I don’t know how long it was until I woke up. I know I gained consciousness in ICU at some point — later my parents said when they visited me I’d tried, multiple times, to pull my breathing tube out — but mostly what I remember of it now is a Hollywoodesque montage of masked faces, bright lights, and a bite of strawberry jello.
I spent one and a half blurry nights there — I only needed one, but had to wait for a bed in the hospital proper to become available — at the end of which I sort of recall a nurse telling me my room was ready and that they’d called my parents to let them know.
Since it was so late at night, when the call came my mom initially said she’d go back to sleep and come see me in the morning. After hanging up she second-guessed her decision, and wound up coming to see me that night after all. Unfortunately, I don’t remember her arriving. What I do remember is the moment the nurses helped me climb off of the gurney and onto the bed in my room.
It hurt. It hurt like nothing ever had before. It’s a tired old analogy, but there is no more accurate comparison than this: it felt like I’d been run over by a truck. Several times. My chest ached in every possible way, and I couldn’t take a single breath without making it exponentially worse. It probably only took a few seconds to move me, but the pain lasted much longer.
In fact, a lot of my memories of the five following days I spent in the hospital are of either pain or nausea, or both. Lying flat hurt; sitting up hurt; standing hurt. The time one overworked night nurse accidentally forgot to administer my pain medication definitely hurt. Removing my breathing tubes and the IV from my neck were agony. And even the slightest glimpse or whiff of food made me sick to my stomach for the first couple of days; I don’t think I ate anything at all the first day. I believe the first meal I managed to keep down with any success at all consisted of about three grapes.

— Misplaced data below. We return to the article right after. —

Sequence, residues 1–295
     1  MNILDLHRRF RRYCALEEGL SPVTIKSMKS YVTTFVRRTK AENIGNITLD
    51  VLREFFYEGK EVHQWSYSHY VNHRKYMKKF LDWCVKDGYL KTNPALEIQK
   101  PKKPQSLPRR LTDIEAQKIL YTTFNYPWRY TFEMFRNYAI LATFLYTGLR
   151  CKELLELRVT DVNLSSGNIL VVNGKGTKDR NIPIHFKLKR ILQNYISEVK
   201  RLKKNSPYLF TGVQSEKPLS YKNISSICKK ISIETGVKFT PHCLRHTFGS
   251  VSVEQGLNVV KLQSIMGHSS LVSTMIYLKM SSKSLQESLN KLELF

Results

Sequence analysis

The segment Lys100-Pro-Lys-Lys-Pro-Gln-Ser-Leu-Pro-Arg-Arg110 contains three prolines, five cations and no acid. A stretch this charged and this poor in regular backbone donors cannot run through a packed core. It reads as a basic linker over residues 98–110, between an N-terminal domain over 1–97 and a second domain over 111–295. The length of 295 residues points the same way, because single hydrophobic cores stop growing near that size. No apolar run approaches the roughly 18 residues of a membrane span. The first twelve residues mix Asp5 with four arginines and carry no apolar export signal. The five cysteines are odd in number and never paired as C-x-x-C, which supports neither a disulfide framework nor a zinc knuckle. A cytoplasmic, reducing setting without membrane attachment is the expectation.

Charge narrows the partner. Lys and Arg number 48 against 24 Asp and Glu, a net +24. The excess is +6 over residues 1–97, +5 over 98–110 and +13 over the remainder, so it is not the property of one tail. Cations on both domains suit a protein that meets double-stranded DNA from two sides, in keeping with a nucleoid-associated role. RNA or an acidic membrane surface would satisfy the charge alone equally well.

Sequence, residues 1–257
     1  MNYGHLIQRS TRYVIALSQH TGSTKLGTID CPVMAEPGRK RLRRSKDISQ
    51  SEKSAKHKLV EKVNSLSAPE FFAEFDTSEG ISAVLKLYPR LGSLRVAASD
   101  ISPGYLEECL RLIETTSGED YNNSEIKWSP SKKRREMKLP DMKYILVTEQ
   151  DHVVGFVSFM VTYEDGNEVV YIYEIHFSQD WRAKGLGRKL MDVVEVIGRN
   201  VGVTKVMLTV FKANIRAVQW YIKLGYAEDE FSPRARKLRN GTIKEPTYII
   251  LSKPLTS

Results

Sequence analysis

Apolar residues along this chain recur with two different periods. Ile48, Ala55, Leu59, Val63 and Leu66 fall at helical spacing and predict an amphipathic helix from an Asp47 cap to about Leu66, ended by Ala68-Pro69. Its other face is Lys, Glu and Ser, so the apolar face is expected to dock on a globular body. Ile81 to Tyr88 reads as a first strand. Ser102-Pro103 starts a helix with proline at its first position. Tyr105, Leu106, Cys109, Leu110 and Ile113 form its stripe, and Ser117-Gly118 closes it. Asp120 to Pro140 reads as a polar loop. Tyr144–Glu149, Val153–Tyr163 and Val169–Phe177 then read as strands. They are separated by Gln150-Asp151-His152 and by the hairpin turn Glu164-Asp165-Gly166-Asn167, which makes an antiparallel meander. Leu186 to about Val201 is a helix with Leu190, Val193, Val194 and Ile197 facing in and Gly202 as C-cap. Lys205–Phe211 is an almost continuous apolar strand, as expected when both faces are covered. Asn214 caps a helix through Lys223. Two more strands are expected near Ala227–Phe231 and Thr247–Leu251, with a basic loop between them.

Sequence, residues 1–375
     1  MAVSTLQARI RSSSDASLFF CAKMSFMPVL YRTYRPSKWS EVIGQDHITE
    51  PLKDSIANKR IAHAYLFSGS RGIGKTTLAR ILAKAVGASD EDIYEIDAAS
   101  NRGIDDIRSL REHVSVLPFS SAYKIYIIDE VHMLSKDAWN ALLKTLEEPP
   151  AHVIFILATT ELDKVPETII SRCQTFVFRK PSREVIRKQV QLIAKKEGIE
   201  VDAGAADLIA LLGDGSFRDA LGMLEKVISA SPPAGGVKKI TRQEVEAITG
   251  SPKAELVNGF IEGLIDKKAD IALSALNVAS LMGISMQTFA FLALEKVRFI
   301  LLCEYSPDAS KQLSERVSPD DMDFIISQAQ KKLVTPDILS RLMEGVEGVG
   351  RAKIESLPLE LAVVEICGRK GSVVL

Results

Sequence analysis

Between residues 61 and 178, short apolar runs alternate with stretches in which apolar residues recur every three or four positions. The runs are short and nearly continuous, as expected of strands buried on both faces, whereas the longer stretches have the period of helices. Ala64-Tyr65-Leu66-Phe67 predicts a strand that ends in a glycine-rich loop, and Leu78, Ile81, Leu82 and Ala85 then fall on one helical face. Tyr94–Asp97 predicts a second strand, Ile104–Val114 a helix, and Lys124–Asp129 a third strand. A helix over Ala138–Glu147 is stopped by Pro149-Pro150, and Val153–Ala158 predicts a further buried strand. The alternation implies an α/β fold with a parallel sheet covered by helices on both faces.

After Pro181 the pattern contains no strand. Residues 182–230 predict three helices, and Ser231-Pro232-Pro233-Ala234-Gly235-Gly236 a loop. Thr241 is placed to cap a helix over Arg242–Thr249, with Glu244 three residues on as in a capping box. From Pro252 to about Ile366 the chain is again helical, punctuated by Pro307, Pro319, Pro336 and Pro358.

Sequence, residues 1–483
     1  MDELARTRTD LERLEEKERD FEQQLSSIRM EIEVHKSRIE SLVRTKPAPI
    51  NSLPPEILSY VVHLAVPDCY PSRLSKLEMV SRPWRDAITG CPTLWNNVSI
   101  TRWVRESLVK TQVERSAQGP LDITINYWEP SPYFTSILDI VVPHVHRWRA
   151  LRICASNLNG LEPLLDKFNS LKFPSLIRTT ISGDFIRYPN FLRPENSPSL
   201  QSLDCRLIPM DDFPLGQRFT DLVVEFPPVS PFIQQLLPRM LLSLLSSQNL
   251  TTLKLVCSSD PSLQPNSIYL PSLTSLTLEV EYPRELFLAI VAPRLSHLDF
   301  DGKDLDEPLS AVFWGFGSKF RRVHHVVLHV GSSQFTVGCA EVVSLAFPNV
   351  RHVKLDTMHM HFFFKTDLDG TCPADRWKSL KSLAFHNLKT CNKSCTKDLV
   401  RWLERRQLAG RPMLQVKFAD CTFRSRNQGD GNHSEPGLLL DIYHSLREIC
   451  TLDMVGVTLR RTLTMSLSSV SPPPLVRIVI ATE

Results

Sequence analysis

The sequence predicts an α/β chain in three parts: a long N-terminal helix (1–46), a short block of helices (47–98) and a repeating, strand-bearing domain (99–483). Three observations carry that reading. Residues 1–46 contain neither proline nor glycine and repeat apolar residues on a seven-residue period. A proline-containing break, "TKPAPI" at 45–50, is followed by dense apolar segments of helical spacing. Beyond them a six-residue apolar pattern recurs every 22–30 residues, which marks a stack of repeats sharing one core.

It wasn’t all bad, though. I was lucky enough to be in one of the top-rated hospitals in the US. The building itself was beautiful, the rooms clean and crisp with nice views, and nearly every member of the staff proved worth their weight in gold. They treated me like a person, instead of the science experiment I often felt like I was. A precious few even managed to bring smiles to my face. I think the first time I laughed was at a Lion King joke made by my favorite night nurse, an upbeat, goofy man with multiple piercings and a gremlin-like giggle I will never forget.
I even got a new nickname: Pediatric Wing, an allusion to me being the only patient on the floor younger than fifty years old. My nurses encouraged me to eat, to walk, to believe things would get better, and every time my surgeon visited he made a point of telling me how good I looked and how much progress I seemed to be making. Once, as I fought to walk down the hallway with a straight back (cardiac surgery patients tend to slouch, which can do permanent damage), one woman remarked that I had posture like a princess. In response, I copied the dignified “princess wave” from Princess Diaries, mentally telling her, “Thank you for being here today.”
The food, by the way, actually tasted pretty good, once I was able to keep any of it down. The nausea turned out to be caused by one of the nastier pain medications I was taken, a fun little narcotic known as oxycodone. It wasn’t just food that triggered it, either — too much movement, too much noise, or looking out of my fourth-floor window, could also do the trick.
On the other hand, the one side effect I’d been curious to experience, hallucinations, didn’t really affect me much at all. I did, however, develop an irrational fear of sliding sideways out of the window whenever the curtains were opened, and occasionally I thought I glimpsed some large, furry thing hiding under my bed — a creepy illusion which would disappear any time I tried to look directly at it.